Sri Lanka, the pearl of Asia
We can honestly say: Sri Lanka has it all. A country that knows how to amaze you with the things it has to offer. Numerous national parks where leopards, elephants and deer live together, surrounded by more than 400 different bird species. Stunning white beaches with a perfect amount of palm trees and a gorgeous blue sea. Historical cities where you can visit temples that are more than 2000 years old and rock formations that were once called palaces. Add some delicious (but spicy) food and welcoming people, and you have a perfect destination for the time of your life. Welcome to Sri Lanka, the pearl of Asia!
The different regions in Sri Lanka
On a high level, Sri Lanka can be divided into 6 interesting regions. The west coast with the capital Colombo and the fishing village Negombo. The north with Mannar island and the Jaffna peninsula. The historical region in the center of Sri Lanka, with cities like Dambulla, Anuradhapura and Polunnaruwa, the hill cities with Kandy, Ella and Nuwara Eliya. And finally, the east coast, the perfect spot for surfing and the southern region, ideal for snorkeling at the Galle region and spotting blue whales in Mirissa.
When you are heading to Sri Lanka, you will quickly realize you will have to make decisions on the things you want to see and the things you have to leave out. Below, you can find different itineraries through Sri Lanka. Depending on your own preferences, we are sure you can adapt one of these itineraries to your own taste.
Four weeks in Sri Lanka
This is the itinerary we followed when visiting Sri Lanka. Keep in mind that we had our own transportation method (a rented tuktuk) and had about 4 weeks to discover the country. We also decided to skip most of the historical region as we already visited a lot of ruins in Cambodia, China, Laos and Vietnam.
The highlights in two weeks
If you only have limited time for your visit to Sri Lanka, we have an alternative 14 days itinerary where you can see the most important sights of Sri Lanka.
Two weeks off the beaten path
If you are however looking for a more off the beaten itinerary for 14 – 21 days we recommend to visit the North of Sri Lanka.
Top things to do
- Take the world’s most scenic train route through the tea plantations between Kandy and Ella.
- Sip some tea and explore the hill country by doing some hikes like Ella rock and Lipton’s seat.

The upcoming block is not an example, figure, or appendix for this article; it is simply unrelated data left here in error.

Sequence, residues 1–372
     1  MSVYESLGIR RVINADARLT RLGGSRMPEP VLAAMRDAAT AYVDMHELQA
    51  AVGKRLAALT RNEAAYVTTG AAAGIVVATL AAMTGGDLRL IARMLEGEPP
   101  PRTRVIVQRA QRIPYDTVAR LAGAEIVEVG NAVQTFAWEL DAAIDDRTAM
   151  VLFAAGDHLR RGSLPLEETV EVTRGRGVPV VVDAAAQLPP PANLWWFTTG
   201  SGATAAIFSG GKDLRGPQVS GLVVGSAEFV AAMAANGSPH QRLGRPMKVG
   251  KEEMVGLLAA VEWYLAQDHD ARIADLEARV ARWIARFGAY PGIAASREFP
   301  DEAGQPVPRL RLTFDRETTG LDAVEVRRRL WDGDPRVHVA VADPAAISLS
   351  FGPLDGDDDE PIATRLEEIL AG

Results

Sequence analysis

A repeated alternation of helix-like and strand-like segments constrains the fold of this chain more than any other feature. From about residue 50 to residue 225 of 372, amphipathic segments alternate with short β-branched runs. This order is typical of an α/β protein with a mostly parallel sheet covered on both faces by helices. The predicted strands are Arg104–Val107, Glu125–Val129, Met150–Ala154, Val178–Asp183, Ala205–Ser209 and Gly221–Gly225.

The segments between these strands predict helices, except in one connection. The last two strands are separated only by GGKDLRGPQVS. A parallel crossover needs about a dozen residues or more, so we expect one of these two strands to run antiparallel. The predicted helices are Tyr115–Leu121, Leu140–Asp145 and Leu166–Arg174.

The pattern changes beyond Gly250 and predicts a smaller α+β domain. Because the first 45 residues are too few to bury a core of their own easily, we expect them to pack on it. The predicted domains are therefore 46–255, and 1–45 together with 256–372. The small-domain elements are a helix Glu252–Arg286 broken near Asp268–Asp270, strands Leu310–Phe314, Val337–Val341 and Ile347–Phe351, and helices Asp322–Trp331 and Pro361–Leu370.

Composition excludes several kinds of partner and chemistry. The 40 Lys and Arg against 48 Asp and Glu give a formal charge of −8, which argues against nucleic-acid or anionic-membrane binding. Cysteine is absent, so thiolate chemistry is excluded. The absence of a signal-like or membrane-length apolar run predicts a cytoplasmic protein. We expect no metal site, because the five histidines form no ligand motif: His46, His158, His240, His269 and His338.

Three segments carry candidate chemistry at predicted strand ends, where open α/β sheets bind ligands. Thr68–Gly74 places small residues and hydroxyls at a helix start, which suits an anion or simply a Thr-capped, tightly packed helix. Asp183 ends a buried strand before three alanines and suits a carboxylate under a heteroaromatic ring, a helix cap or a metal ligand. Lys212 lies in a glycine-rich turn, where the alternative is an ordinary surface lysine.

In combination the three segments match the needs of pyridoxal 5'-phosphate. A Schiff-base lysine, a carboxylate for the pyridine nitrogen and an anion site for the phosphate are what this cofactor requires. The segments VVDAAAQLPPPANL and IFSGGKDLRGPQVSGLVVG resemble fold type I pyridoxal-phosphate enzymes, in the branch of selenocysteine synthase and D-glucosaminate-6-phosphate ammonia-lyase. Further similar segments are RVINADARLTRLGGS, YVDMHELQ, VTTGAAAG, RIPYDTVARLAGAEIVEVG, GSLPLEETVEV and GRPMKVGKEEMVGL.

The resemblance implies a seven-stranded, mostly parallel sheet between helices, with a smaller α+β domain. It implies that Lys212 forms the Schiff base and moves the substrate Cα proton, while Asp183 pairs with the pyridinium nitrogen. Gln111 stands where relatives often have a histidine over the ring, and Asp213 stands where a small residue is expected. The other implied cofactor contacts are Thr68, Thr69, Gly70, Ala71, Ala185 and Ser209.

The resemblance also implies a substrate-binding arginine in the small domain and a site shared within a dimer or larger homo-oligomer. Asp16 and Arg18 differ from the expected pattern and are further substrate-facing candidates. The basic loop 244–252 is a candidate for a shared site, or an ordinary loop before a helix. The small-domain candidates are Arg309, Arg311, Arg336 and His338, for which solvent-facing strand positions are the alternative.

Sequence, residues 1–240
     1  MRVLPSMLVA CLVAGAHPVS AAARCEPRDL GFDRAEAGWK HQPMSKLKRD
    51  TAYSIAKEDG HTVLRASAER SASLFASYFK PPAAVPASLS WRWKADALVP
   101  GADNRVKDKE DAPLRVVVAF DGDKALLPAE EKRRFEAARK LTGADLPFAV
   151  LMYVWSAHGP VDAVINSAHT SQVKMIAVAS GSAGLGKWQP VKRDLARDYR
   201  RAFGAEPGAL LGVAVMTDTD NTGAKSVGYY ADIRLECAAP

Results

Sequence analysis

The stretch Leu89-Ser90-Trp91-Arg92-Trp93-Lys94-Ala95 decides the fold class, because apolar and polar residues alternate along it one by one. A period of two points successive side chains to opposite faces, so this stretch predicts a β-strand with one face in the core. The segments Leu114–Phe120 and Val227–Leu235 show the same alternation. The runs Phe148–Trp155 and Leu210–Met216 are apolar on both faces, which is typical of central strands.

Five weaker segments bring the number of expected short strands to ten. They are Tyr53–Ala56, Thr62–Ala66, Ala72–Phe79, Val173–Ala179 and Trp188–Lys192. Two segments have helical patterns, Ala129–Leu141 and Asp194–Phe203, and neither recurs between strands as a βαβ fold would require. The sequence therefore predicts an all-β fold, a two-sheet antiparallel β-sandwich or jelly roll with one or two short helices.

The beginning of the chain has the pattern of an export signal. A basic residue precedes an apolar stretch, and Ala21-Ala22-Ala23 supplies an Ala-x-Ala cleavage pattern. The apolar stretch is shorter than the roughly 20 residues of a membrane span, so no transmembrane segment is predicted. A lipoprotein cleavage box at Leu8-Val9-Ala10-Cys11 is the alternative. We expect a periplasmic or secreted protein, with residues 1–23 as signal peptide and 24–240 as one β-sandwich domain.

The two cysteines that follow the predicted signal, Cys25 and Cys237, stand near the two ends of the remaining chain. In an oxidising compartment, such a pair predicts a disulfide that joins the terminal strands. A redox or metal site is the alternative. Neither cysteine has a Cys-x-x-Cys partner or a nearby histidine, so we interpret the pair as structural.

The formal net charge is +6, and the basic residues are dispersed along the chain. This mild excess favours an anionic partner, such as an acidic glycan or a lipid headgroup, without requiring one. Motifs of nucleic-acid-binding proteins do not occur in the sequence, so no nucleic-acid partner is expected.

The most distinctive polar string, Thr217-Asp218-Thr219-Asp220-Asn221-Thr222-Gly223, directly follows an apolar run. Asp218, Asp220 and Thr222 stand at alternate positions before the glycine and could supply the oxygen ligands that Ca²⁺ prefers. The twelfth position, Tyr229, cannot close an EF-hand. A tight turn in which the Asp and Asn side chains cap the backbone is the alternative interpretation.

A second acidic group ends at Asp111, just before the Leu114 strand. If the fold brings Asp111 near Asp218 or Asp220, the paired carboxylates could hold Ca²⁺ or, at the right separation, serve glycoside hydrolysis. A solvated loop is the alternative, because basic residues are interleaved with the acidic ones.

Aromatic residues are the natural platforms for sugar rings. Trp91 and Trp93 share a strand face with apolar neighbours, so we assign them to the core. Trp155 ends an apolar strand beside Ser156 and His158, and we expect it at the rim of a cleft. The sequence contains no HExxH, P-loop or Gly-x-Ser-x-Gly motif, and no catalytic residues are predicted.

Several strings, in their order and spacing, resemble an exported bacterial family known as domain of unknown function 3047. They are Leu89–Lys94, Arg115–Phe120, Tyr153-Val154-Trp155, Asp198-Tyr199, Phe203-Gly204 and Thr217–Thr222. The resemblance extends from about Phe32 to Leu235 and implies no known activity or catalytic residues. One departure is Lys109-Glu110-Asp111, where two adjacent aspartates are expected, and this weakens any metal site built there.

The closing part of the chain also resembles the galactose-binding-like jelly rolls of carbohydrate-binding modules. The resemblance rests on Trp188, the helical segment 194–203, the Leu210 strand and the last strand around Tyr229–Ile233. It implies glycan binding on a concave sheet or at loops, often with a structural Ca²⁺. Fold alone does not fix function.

- Take a safari in one of the many national parks and see hordes of elephants and a leopard hiding in the bushes.
- Laze on a pristine beach in the South of Sri Lanka and go whale watching in Mirissa.
- Visit some ruins in an ancient city and top it off with Sigiriya rock.
Off the beaten track
- Discover Sri Lanka by riding your own tuktuk.
- Visit the Jaffna peninsula and get to know the history of Sri Lanka.
- Touch the baobab trees in Mannar.
For entering Sri Lanka, you need a visa. You can easily apply for ETA online via their official website. The cost for a visa online is 35 USD. You can also choose for a visa on arrival, but this will cost you 40 USD. These visa are valid for a stay of 30 days in Sri Lanka.
The currency in Sri Lanka is the Sri Lanka rupee (150 LKR = 1 USD). In a lot of shops and hotels, credit cards are accepted. As in most Asian countries, there is a fee for withdrawing cash. We found out that HNB has a fixed fee (200 LKR) and you can withdraw up to 200 000 LKR.
Traveling Sri Lanka can be relatively budget friendly. Our daily budget in Sri Lanka was 45 USD a day for two persons. In our travel costs of Sri Lanka, you can find a detailed overview of our costs.
As a budget traveler expect to pay:
- 10-15 USD for a private room for two persons
- 2-4 USD for a delicious local dinner
- 10-15 USD a day for renting a tuktuk
Be aware that entrance fees in Sri Lanka can easily add up, as these are relatively high. Expect to pay around 30 USD per person to enter a national park (without the fee for a safari), 40 USD to visit Sigiriya rock and Pollonaruwa, 10 USD for the cave temple in Dambulla, …
Since peace has returned, tourists discover Sri Lanka as a perfect holiday spot. Luckily, the country has a decent offer of accommodations, although dorms are less easy to find. We discovered that there is not a lot of difference when booking via a booking website or just passing by. Make sure that you discuss the price before you enter the room. We experienced that some owners suddenly use extra service costs, tourist taxes and strange conversion rates. When you book via a booking website, make sure you read all the additional costs that are mentioned (most of the time 10% service costs).
Transport / getting around
There are a lot of transportation methods available when traveling around Sri Lanka. The choice goes from extremely cheap to extremely expensive. Below you can find a summary of different transport options.
Probably one of the cheapest ways to discover the country. The Sri Lanka Government Railway serves all important tourists destinations and a train ticket is extremely cheap. And traveling by train will allow you to take the scenic slow train between Kandy and Ella. Second-class cabins charge around 1.50-4 USD. However, seats sometimes run out and then your only option is to stand or sit on the ground.